Monday, January 10, 2011

First Day

Plato talked of an education being part intellect, part physical and part spiritual. I’ve been in school for 21 years. The furthest I’ve gotten to expanding my spirituality was learning “The Godfather” and eating lox on Sunday mornings. Which with the right bagels and capers can be heavenly, I have always been uncomfortable with my almost flippant disregard for religion.

Sure I’m a scientist and thus a skeptic. We’re taught to be fearful of religion as it is unfounded in evidence (the only scripture of science.) But fear is scary no matter the origin. And I figure, if I’m going to be in a field helping people be healthy I should try and understand what sustains them beyond the antibiotics. And maybe along the way I’ll find a little faith myself. A lofty goal I know, but I feel it is deliciously appropriate.

What better way to start my trip than to sample the airport chapels. I figure maybe god will tug at my skirt when I sit in the room of my destined denomination. It was a veritable smorgasbord of faith. Right flavor of God for every palate. In the Catholic chapel I sat next to a nun and tortured Jesus dripping in stone blood. In the protestant church I sat next to a hippie. The Jewish chapel was solemn, simple, empty and uncomfortable.

I stood outside the Muslim temple for a while debating if they’d let me on the El Al flight to Israel after being seen going in. But curiosity gave way and I took off my shoes and sat in a room with 2 Muslim men. The room was pretty with a large window and prayer alters. The man turned to me and ever so politely and oppressively told me to go to the partitioned “women” area to pray. The section was dark, dirty and bare. There was a bloody tissue in the corner. I counted to 100, to you know, seem legit and rushed back to the pretty protestant chapel with abstract art and poinsettias and hippies.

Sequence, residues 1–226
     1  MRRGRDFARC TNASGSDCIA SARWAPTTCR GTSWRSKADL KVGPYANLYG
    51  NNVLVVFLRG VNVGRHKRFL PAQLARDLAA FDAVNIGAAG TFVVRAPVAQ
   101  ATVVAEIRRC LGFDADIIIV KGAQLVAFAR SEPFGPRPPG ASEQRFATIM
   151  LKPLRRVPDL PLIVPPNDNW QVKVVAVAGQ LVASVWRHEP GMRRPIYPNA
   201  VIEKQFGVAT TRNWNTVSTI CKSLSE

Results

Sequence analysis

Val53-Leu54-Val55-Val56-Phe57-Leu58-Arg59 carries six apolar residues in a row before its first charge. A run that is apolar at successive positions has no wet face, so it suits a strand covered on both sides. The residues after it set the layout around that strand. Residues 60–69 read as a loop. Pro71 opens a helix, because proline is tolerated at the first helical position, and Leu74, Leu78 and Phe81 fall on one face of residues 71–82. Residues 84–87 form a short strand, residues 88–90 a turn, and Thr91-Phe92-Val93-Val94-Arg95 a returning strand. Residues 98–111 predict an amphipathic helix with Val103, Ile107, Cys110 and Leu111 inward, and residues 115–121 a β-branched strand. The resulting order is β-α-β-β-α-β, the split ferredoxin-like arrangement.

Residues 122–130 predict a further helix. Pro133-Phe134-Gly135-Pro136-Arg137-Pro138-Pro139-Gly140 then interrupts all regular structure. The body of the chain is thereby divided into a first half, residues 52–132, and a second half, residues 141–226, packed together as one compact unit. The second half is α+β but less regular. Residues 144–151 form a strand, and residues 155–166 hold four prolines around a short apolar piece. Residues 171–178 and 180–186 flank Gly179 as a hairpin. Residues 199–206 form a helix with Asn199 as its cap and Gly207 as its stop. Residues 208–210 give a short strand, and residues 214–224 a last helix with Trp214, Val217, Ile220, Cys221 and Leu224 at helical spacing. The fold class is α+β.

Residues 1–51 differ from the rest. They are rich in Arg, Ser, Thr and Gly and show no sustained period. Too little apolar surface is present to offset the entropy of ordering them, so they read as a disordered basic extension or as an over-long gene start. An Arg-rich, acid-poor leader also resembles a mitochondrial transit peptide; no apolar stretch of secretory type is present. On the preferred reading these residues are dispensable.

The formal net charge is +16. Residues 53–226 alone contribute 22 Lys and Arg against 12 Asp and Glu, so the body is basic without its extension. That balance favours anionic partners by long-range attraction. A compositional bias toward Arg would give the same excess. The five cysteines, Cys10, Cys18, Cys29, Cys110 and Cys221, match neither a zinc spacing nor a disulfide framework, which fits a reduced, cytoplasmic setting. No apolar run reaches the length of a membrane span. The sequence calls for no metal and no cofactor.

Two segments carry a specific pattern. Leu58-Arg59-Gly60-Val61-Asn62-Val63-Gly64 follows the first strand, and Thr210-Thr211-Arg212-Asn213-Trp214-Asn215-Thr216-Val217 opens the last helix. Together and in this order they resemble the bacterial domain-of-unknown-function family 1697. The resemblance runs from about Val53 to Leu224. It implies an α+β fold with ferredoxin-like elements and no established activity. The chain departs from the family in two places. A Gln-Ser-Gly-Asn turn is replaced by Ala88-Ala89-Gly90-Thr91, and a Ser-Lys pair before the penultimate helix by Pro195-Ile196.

At check in, security took my bags away to search privately and questioned me again and again. The gist of it was “why the fuck was I going to Israel if I wasn’t Jewish?” Such a stupid question. Who wouldn’t want to go? I had security follow me through the entire airport. We cut security lines and even bathroom lines. When I asked her why she was following me, me specifically, she answered that it was protocol. I kept pestering her until finally she said “certain people match certain profiles. I can’t explain beyond that.” I haven’t left the country and Israel is already suspicious.

I sat behind two massively beautiful blonde men. They had Hebrew tattoo’s on their arms. I can’t read Hebrew but I think it said “Italian shiksas rock my world.” I’m
pretty sure.

When I reached Israel I was greeted by Zahara. We sat on the floor waiting for the bus and talked. She is studying at the Yeshiva Pardeis in Jerusalem. We took 2 buses back to her beautiful apartment in Jerusalem and head immediately out to her school to learn Torah.

In America I feel religion follows a hierarchy of needs. A pleasureful pastime one takes part in after all other shit is taken care of. Here, it seems people draw on faith at every step of their lives before they are even satiated physically. Every person seems to be invigorated with a purpose. Every article of clothing, every street sign prayer seems to bring them back to that purpose. As a result people seem more full and less apologetic. In fact, there is not a commonly used translation of “sorry.” Driven instead of grasping and aspiring, to hold onto something already obtained. Being an observer to all these people so mindful in their purpose can be humbling and intimidating and very powerful.

Zahara and I stayed at school until 11 and then linking arms, walked down the winding dark streets of Jerusalem talking about Torah.

I cannot believe I am here.

1 comment:

  1. A+.
    Please give a warm and well-worded "Hey" to Zahara for me. :D